Cassava27764.1218965.858860.690.29
Beans24556.7117259.937350.340.06
Sorghum21048.6114751.226343.450.15
Potatoes19043.9812543.556544.830.84
Ground nuts16137.2710937.985235.860.75
Banana16337.7310837.635537.931.00
Pumpkin14934.4910737.284228.970.09
Coffee11225.936321.954933.790.01
Millet10023.156924.043121.380.63
Tomatoes6414.813110.803322.76< 0.01
Onions5312.27258.712819.31< 0.01
Sweet potato or yam4410.19248.362013.790.09
Squash163.7082.7985.520.18
Sugar cane112.5572.4442.761.00
Tobacco71.6272.4400.000.10
Melons51.1600.0053.45< 0.01
Pineapples20.4610.3510.691.00
Cotton10.2300.0010.690.34

By Fisher's exact two-tailed tests.

Livestock and pet ownership.

Livestock ownership was similar between households in case or control villages; 75% (234 of 296) of households in case villages and 75% (112 of 149) of households in control villages reported that they own livestock. Most households reported owning chickens and goats. Pigs, sheep, cattle, and guinea pigs were less common (Table 2). Comparing the types of livestock owned, we found that homesteads in case villages were similar to those in control villages. Cat ownership was similarly uncommon among households in case (3%) and control (6%) villages. However, case village households (17%) more often reported owning dogs than households in control villages (8%) (χ2 = 6.05, P = 0.018). In addition, 6 (12%) of 49 households in case villages that reported owning a dog indicated that they allowed the dog into huts at night where family members were sleeping; none of the 12 households with dogs in control villages reported practicing the same behavior.

Table 2

Livestock ownership in case and control homesteads, West Nile Region, Uganda

Type% of cases (no.)% of controls (no.)
Goats70 (207)64 (96)
Sheep21 (61)21 (31)
Pigs24 (72)28 (42)
Cattle15 (45)17 (26)
Chickens74 (218)70 (104)
Guinea pigs8 (23)5 (7)

Home maintenance.

Smearing walls and floors of huts with mud was equally common among households in case and control villages (98% of households in case and control villages). When asked the reasons for mud smearing, most responses pertained to a sense of cleanliness and many specified that they believed it reduced fleas in huts. Significantly more households in control villages reported replacing roof thatch (75%) than those in case villages (63%) (χ2 ≥ 5.74, P ≤ 0.01). In response to the question, “Do you keep garbage (non-human waste) in or near your home,” 85% of householders residing in case villages (251 of 296) answered in the affirmative compared with 75% of controls (111 of 149) (χ2 = 6.93, P = 0.01). Among villagers responding yes to the previous question, most (66% of cases, 65% of controls) reported keeping garbage outside sleeping huts. Residents of case villages were more likely to report keeping garbage inside their sleeping huts (31% [77 of 251] compared with controls (19% [21 of 111]) (χ2 = 5.39, P = 0.02), whereas residents of control villages more commonly reported keeping garbage outside the homestead but within the village (12% [13 of 111]) compared with residents of case villages (5% [13 of 251]; χ2 = 4.92, P = 0.04). When asked how garbage is maintained before disposal, responses were similar between cases and controls. Most responses indicated that garbage is stored in the open (78% of cases and 81% of controls). Similar proportions of cases and controls reported leaving the garbage to decompose (63% of 251 cases and 65% of 111 controls). However, a significantly higher proportion of villagers in case villages reported burying garbage (35% [88 of 251]) compared with controls (21% [23 of 111]; χ2 = 7.82, P = 0.01). Relatively few reported burning garbage (15% of cases [38 of 251], 16% of controls [18 of 111]).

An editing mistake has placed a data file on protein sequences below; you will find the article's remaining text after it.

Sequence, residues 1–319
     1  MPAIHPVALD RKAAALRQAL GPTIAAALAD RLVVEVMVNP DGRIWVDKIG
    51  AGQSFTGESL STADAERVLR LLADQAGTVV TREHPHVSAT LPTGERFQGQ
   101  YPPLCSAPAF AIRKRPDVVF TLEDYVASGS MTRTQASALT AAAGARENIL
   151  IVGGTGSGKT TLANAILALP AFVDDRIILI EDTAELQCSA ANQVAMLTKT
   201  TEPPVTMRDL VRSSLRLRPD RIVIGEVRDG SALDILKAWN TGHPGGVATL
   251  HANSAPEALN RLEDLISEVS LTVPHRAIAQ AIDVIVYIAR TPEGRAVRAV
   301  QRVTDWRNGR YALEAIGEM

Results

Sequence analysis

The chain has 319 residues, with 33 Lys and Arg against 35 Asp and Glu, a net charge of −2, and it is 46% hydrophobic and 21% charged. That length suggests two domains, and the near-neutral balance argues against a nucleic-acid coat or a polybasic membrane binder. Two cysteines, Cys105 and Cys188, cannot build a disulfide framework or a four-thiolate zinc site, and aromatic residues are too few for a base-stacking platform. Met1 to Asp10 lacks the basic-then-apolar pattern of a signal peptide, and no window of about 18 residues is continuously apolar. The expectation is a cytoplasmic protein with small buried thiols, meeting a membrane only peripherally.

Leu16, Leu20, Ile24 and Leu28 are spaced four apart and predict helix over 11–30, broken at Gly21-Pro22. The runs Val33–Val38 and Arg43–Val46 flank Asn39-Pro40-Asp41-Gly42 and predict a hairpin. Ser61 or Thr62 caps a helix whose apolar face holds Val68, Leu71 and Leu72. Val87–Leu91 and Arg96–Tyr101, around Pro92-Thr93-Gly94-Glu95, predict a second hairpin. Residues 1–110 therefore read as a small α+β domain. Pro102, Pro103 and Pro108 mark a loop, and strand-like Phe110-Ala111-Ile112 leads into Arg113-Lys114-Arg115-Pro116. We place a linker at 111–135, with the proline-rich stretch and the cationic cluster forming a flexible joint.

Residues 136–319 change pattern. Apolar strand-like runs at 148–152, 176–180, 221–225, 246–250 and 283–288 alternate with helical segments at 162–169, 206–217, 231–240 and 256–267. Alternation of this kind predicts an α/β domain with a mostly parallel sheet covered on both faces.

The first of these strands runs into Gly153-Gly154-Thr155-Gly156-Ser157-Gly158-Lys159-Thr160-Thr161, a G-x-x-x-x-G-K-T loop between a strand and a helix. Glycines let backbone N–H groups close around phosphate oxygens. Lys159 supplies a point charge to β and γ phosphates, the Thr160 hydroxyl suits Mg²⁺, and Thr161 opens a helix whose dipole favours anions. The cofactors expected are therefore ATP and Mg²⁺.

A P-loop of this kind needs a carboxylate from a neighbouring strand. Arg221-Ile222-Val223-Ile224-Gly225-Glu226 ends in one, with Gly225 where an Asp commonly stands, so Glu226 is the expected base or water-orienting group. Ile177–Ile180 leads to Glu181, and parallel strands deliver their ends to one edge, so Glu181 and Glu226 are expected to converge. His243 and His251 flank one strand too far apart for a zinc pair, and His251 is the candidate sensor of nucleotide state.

Rodent and flea control strategies.

Contact rates between humans and rats appeared to be higher within households situated in case villages compared with controls. In case villages, householders (24%) were more likely than controls (13%) to report that a family member had been bitten by a rat within the past three months (χ2 = 7.36, P = 0.004). Of the 89 households reporting rat bites, 84 (94%) reported that the bite(s) occurred while the injured person was sleeping.